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The properties of materials and their everyday uses - That's Chemistry!

Description

The 'properties of materials' chapter from That's Chemistry! This chapter looks at key ideas and activities that can be used to help students learn how the properties of materials affects their suitability for different uses.

Credits

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This resource has been developed in partnership with ABPI.
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The 'properties of materials and their everyday uses' chapter from That's Chemistry!

ADDITIONAL INFORMATION

These PDFs have been taken from the popular book, That's Chemistry! compiled by Jan Rees.

This book covers key ideas of physical science that primary students learn about, as well as giving numerous suggestions of activities, demonstrations and investigations that can be used to enhance students' learning.

If you teach primary science, click the headings below to find out how to use this resource:

Skill development

Children will develop their working scientifically skills by:

  • Asking their own questions about scientific phenomena.
  • Selecting and planning the most appropriate ways to answer science questions, including:
    • Finding things out using a wide range of secondary sources of information.
    • Grouping and classifying things.
    • Carrying out comparative and fair tests.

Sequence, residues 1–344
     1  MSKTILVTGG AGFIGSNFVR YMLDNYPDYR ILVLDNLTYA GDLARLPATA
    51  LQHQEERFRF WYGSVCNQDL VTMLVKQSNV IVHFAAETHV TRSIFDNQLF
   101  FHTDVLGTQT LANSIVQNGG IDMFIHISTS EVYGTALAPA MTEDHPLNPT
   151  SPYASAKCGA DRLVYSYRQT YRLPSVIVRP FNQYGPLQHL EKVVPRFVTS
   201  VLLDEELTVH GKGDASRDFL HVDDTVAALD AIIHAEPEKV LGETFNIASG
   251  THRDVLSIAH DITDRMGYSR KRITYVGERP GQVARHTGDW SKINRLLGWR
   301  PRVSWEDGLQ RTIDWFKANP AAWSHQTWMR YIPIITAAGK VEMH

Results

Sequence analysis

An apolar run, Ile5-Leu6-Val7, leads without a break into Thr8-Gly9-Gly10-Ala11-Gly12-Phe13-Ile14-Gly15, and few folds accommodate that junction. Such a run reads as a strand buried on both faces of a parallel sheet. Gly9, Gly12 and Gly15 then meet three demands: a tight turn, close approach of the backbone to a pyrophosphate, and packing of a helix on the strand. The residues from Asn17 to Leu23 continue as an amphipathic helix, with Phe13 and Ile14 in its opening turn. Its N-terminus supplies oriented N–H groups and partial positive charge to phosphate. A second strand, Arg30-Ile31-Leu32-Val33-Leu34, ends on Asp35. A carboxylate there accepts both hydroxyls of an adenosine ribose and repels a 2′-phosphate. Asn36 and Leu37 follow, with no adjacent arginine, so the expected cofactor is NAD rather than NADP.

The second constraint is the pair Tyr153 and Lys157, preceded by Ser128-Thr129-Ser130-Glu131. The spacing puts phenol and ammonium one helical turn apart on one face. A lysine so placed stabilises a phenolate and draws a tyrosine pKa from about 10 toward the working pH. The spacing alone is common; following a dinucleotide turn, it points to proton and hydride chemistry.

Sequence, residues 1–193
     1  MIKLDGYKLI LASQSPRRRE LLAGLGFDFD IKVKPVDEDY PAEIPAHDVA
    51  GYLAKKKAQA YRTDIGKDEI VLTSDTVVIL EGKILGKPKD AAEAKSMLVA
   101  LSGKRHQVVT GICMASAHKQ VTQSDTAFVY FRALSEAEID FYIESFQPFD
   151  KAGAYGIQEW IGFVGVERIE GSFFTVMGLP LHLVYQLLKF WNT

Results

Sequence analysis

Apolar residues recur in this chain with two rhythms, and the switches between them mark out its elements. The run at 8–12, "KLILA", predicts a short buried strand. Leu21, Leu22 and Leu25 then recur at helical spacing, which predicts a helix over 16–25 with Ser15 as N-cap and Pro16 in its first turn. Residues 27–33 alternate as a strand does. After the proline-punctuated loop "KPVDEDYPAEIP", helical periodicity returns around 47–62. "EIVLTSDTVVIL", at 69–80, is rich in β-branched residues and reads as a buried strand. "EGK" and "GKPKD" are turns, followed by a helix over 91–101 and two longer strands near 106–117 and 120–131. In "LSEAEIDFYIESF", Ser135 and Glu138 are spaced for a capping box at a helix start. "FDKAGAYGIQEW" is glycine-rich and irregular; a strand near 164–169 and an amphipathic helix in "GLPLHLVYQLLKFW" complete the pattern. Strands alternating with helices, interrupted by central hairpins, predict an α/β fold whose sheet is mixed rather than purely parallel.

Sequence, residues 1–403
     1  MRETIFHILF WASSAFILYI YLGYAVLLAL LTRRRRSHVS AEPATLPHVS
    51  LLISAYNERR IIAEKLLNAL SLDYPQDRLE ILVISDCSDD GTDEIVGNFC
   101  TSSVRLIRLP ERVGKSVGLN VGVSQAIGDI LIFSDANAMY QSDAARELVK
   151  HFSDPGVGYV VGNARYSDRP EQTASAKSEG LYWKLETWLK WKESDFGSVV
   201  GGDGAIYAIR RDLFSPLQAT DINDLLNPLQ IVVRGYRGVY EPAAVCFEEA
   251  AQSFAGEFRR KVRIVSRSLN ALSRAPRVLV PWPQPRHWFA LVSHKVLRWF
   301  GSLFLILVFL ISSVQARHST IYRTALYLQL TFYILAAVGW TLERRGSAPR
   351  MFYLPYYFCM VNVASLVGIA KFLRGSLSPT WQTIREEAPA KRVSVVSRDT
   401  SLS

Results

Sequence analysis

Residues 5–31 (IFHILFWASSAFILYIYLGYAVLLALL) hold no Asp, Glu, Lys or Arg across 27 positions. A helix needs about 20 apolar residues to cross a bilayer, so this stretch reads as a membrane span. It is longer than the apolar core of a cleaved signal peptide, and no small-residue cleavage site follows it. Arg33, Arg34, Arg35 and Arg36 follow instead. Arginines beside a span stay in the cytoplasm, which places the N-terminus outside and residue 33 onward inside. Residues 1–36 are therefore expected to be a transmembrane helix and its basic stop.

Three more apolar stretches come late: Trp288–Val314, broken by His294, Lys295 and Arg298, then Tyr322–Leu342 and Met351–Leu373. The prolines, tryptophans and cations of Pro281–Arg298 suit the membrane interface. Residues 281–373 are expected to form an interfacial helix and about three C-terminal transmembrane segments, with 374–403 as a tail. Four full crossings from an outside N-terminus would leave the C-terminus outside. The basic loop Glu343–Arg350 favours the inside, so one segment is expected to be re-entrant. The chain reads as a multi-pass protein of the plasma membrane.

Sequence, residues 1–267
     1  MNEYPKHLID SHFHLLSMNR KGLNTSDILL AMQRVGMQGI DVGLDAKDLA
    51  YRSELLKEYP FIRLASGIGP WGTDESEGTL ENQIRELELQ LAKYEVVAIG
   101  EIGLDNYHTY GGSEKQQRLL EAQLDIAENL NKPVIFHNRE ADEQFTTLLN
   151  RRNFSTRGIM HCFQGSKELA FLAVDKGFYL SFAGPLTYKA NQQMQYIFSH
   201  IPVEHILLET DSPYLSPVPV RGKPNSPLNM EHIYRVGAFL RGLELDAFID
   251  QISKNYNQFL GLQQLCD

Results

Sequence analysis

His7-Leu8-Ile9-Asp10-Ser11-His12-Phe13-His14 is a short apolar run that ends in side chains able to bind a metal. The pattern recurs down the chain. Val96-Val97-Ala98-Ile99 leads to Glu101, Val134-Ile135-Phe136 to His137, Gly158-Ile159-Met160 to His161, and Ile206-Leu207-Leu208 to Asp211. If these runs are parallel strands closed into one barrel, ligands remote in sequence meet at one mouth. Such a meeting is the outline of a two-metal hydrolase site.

• Recording data and results using scientific diagrams and labels, classification keys, tables, scatter graphs, bar and line graphs.
  • Drawing conclusions and raising further questions that could be investigated, based on their data and observations.
  • Using appropriate scientific language and ideas to explain, evaluate and communicate their methods and findings.

Learning outcomes

Children will:

  • Distinguish between an object and the material from which it is made.
  • Identify and name a variety of everyday materials including wood, plastic, glass metal, water and rock.
  • Compare and group everyday materials on the basis of their properties, including their hardness, solubility, transparency, conductivity (electrical and thermal) and response to magnets.
  • Give reasons, based on evidence from comparative and fair tests, for the particular uses of everyday materials, including metals, wood and plastic.

Concepts supported

Children will learn:

  • That there is a difference between an object and the material(s) it is made from.
  • That different materials have different properties.
  • That the properties of a material determine its suitability for a particular use.
  • The definitions of key properties, e.g. absorbency and flexibility.

Suggested activity use

This resource provides a useful long-term planning tool for mapping out different activities to help children develop their understanding of different materials and their properties.

Some of the activities are designed around different properties, e.g. absorbency or flexibility, so you could choose one property and set up a carousel of activities to explore it.

Practical considerations

You will need to carefully map the activities to create a logical learning sequence.

The different activities will require different resources and equipment, which will need to be sourced prior to the lesson.

Also, it is important to ensure that children have a clear understanding of the definitions of properties – there is often confusion between the terms ‘hard’, ‘soft’ and ‘smooth’, particularly if children are asked to sort and describe materials.